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Vyakaran Across the Ages

Proceedings of the 15th World Sanskrit Conference by: George Cardona

Covering the papers presented during the 15th World Sanskrit Conference, this book deals with Sanskrit grammatical treatises such as Eropean traditions of Sanskrit grammers; relations between terms and their meaning; the derivation of nominal forms in the Sàrasvata system; and the realm of modern Sanskrit literature, among others.



ISBN: 9788124606582
Year Of Publication: 2013
Edition: 1st
Pages : xvi, 346p.
Language : English
Binding : Hardcover
Publisher: D.K. Printworld Pvt. Ltd.
Size: 25 cm.
Weight: 850


Sanskrit grammatical treatises, not only those of Panini and his successors but also work by Indian scholars representing other streams of grammatical thought, have long held the attention of modern scholars. The present volume contains a selection of the large number of papers presented in the Vyakarana Section of the 15th World Sanskrit Conference held in New Delhi, during 15-20 January 2012.
The scope covered in these papers is wide. The first contribution deals with currents in European traditions of Sanskrit grammars, from early works by missionaries to modern Sanskrit grammars. As could be expected, however, Panini is the centre of attention for most authors, whose contributions nevertheless differ in focus. Several scholars deal with theoretical issues concerning the interpretation and application of Paninian sutras, including points of Sanskrit syntax. The question whether particles (nipata), and preverbs (upasarga) in particular, should be considered independently to signify particular meanings or instead be treated as terms which serve to cosignify meanings assigned to items with which they co-occur is the object of two studies.
One paper treats in detail the relations which can be considered to hold between terms and the meanings they signify, with particular emphasis on what Bhartrihari has to say on this topic. A historically-oriented study deals with attacks on Paninian views by Mimamsakas of Prabhakara Naiyayikas. One scholar contrasts how particular nominal forms are derived in the Sarasvata system in contrast to the Paninian derivations of such forms. The final study in this collection brings us into the realm of modern Sanskrit literature, with a discussion of usage in the prose work Shivarajavijaya of Ambika Dutt Vyas.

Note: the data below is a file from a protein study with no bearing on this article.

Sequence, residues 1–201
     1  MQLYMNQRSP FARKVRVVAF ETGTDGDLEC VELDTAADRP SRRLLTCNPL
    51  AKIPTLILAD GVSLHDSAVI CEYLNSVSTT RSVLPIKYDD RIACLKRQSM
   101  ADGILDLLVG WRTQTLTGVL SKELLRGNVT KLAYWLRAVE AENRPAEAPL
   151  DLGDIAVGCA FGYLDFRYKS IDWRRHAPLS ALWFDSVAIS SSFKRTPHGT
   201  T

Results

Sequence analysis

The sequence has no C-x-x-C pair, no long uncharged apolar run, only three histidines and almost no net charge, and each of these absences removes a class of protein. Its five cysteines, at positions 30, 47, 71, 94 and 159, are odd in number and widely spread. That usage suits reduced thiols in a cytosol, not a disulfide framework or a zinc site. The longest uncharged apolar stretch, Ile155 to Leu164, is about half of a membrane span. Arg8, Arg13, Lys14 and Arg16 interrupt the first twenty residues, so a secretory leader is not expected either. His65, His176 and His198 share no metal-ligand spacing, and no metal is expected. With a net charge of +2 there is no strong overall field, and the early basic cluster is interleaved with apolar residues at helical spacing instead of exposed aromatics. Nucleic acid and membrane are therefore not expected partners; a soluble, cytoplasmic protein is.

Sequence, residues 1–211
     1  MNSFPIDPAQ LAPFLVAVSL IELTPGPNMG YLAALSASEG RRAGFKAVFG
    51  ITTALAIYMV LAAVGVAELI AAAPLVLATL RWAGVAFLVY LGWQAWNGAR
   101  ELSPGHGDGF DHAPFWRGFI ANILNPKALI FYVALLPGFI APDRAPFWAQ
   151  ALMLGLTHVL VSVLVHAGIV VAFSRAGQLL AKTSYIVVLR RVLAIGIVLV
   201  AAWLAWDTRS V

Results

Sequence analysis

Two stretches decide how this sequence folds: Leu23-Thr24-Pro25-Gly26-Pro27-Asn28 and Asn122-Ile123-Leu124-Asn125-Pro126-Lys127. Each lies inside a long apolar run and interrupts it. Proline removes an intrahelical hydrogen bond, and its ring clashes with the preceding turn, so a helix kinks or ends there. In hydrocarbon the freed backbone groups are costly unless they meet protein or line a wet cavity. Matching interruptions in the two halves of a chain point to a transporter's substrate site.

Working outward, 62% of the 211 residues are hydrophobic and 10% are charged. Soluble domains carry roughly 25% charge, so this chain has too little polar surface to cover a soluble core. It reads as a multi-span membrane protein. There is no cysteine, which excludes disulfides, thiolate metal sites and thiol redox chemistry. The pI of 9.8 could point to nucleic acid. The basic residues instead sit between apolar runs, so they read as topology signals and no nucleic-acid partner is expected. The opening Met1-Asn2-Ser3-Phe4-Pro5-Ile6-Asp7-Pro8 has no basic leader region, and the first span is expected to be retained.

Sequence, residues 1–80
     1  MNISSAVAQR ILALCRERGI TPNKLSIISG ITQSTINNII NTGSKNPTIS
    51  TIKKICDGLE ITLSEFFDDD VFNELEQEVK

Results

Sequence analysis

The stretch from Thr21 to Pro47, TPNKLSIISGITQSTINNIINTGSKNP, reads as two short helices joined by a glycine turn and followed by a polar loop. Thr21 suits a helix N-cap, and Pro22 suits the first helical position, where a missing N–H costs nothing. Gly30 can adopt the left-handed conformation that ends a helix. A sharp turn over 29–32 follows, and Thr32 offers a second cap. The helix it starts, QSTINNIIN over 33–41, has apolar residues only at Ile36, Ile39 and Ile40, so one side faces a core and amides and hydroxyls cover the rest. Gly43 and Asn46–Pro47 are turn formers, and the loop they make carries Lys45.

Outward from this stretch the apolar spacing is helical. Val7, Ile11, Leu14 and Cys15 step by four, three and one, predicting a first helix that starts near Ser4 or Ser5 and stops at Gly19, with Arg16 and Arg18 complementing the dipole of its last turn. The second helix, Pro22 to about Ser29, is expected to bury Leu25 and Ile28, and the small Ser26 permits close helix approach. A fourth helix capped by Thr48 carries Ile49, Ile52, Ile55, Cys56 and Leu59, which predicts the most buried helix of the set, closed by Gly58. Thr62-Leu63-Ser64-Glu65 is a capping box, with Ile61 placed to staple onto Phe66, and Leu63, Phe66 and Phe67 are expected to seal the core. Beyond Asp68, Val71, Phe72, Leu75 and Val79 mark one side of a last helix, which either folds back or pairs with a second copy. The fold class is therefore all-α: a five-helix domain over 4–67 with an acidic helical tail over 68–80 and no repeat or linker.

Fellow scholars should welcome and profit from the varied studies contained in this volume.


Iwona Milewska
Main currents in the European tradition of Sanskrit grammars
Peter M. Scharf
Teleology and the simplification of accentuation in Paninian derivation
Anuja Ajotikar and Malhar Kulkarni
On the accent of the word parch: as stated byA 6.2.52
Sharon Ben-Dor
The use of the terms da, ma and ga in the Ashtadhyayi
Tiziana Pontillo
“Where the sense is intended although the corresponding speech unit is not employed”: the ekashesha case
Toru Yagi
On the so-called predicative instrumental
Dipesh Katira, Chinmay Dharurkar and Malhar Kulkarni
Vat: a textual study
Subodh Sharma
Sa vachko visheshana sambhavad dyotakopi va
George Cardona
Combinations of upasargas and tinanta forms: lexical versus grammatical positions
Hideyo Ogawa
Bhartrihari on three types of linguistic unit-meaning relations
Yuki Tomonari
Just a cavil or not: an example of outsiders dispute on the Ashtadhyayi
Vedmitra Arya
Sarasvatvyakarane Prakriyasaralyam – Subantasandarbhe
Paramanand Jha
Shivrajvijayasya Shabdikdrishtaya Samikshanam

Meet the Author
George Cardona is Professor (emeritus) of Linguistics at the University of Pennsylvania; Ashok N. Aklujkar is Professor (emeritus) of Sanskrit and Related Subjects in the Department of Asian Studies, University of British Columbia; Hideyo Ogawa is Professor in the Department of Indian Philosophy, Graduate School of Letters, Hiroshima University.
Books of George Cardona